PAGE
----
Syphilis is on the rise worldwide and there is an urgent need for reliable and rapid screening, particularly for people who live in areas where access to healthcare is limited. An international research team, led by scientists at the Research Institute of the McGill University Health Centre (RI-MUHC) in Montreal, has demonstrated that rapid and point-of-care tests (POC) for syphilis are as accurate as conventional laboratory tests. The findings, which were published in PLoS ONE, call for a major change in approach to syphilis testing and recommend replacing first line laboratory tests with POC tests globally, especially in resource-limited settings.
"There is a need to embrace rapid and POC tests for syphilis in global settings," says Dr. Nitika Pant Pai, the study's senior and corresponding author, clinical researcher at the RI-MUHC and assistant professor in the Department of Medicine at McGill University. "This meta-analysis generates global evidence across all populations for POC tests for syphilis and is the first to use sophisticated analyses to explore the accuracy of POC tests compared to the best reference standards."
Currently, syphilis is screened using conventional laboratory-based tests that can take up to three weeks to deliver results. These tests require chemical agents, trained staff and a continuous supply of electricity, which are not readily available in some parts of the world. Rapid and POC tests can be performed on a simple finger stick sample one patient at a time, and the results communicated to the patient within 20 minutes, saving time and helping doctors order confirmatory tests and rapidly flagging patients who need treatment.
Syphilis is a sexually transmitted disease caused by the rod-like bacterium Treponema pallidum. It is transmitted between sexual partners through direct contact with a Syphilis sore. It may also be transmitted from mother to foetus during pregnancy or at birth, resulting in congenital syphilis. "As well timely screening and treatment in first trimester is extremely important for pregnant women to prevent still births, pre-term births and mother-to-child transmission of syphilis," adds Yalda Jafari, the study's first author and a former master's student of Pant Pai.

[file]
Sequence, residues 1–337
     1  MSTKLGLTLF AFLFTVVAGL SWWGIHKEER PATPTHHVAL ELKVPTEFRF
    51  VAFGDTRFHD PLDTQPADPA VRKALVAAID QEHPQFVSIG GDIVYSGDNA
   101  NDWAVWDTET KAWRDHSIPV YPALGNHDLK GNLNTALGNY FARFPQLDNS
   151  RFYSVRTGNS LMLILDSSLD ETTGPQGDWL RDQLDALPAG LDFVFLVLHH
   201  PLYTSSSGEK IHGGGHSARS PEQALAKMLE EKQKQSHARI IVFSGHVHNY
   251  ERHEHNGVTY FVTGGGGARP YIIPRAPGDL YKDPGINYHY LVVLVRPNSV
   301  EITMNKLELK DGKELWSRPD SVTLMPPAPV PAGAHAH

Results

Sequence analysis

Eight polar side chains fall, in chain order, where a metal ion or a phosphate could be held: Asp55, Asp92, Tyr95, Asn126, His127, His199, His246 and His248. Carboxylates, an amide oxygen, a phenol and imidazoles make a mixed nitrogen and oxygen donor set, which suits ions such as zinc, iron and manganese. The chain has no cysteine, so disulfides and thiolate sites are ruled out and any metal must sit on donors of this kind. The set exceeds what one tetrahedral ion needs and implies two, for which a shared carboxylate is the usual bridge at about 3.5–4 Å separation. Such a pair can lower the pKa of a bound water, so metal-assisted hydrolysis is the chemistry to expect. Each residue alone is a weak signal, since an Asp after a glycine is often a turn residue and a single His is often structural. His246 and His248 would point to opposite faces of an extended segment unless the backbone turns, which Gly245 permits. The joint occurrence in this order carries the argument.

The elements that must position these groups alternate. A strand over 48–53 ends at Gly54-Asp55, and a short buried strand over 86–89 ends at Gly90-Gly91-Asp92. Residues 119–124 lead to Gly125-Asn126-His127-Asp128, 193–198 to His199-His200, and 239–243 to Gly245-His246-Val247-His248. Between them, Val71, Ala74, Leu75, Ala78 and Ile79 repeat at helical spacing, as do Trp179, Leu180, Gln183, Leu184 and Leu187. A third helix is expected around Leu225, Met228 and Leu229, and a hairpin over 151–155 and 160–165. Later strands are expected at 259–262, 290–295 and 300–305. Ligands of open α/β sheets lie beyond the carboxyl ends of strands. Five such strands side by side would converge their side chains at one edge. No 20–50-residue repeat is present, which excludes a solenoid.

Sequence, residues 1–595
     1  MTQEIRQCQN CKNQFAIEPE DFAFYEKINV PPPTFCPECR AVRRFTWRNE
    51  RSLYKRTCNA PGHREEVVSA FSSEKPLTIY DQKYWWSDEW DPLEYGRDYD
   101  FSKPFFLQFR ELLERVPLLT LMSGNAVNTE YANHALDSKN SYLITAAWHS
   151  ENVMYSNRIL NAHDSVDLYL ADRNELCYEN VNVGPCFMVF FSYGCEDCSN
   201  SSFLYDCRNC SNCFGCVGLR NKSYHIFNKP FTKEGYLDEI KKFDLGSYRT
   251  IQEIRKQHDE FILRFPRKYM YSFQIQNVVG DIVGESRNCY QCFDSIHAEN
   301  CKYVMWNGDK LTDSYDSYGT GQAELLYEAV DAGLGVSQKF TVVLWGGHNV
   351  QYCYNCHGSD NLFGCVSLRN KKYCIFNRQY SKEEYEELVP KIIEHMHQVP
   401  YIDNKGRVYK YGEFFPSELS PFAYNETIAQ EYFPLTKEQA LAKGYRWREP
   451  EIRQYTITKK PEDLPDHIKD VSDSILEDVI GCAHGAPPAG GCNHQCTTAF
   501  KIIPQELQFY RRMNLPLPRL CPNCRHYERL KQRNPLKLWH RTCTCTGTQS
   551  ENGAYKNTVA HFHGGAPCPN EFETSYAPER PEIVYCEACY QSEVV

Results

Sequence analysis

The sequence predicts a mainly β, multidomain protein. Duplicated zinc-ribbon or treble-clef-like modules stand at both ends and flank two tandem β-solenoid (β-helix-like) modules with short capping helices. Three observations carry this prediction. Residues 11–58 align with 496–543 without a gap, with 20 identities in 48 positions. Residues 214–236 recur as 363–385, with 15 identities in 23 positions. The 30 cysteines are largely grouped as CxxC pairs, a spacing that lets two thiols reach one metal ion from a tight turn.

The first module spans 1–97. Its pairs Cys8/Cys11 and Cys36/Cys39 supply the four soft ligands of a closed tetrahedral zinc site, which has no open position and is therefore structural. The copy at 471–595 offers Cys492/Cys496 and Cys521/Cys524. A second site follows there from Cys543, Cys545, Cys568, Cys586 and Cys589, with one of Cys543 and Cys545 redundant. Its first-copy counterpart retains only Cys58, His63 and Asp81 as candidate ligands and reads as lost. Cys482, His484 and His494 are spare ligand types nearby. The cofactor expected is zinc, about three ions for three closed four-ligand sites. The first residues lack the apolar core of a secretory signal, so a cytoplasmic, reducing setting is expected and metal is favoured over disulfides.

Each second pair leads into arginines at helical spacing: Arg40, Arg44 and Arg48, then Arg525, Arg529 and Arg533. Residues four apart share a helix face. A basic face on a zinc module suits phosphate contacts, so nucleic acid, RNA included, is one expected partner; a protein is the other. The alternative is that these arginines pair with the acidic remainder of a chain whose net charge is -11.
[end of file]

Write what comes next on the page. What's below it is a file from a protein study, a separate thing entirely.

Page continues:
As many as 50 million people worldwide are being treated for syphilis and about 12 million new cases are diagnosed every year. However, approximately 90% of those infected do not know it, and this is the driving force behind the worldwide epidemic. The Centers for Disease Control (CDC) often refers to syphilis as the "great imitator," because many of its symptoms are similar to other diseases.
"Our study has major worldwide implications for populations living in rural areas with limited access to healthcare," says Pant Pai. "These tests offer the potential to expedite first line screening in settings where people have no access to a primary care physician or where laboratories take more than a week to deliver results."
The study, "Are Treponema pallidum Specific Rapid and Point-of-Care Tests for Syphilis Accurate Enough for Screening in Resource Limited Settings? Evidence from a Meta-Analysis," was coauthored by Yalda Jafari (Department of Epidemiology, Biostatistics and Occupational Health, McGill University, Canada); Rosanna W. Peeling (London School of Hygiene and Tropical Medicine, UK); Sushmita Shivkumar (Clinical Epidemiology and McGill University , Canada); Christiane Claessens (Institut national de santé publique, Canada); Lawrence Joseph (Division of Clinical Epidemiology, Department of Medicine, McGill University/RI-MUHC and Department of Epidemiology, Biostatistics and Occupational Health, McGill University, Canada); and Nitika Pant Pai (Division of Clinical Epidemiology, Department of Medicine, McGill University and RI-MUHC, Canada).
This work was funded by a grant from the Canadian Institutes of Health Research (CIHR).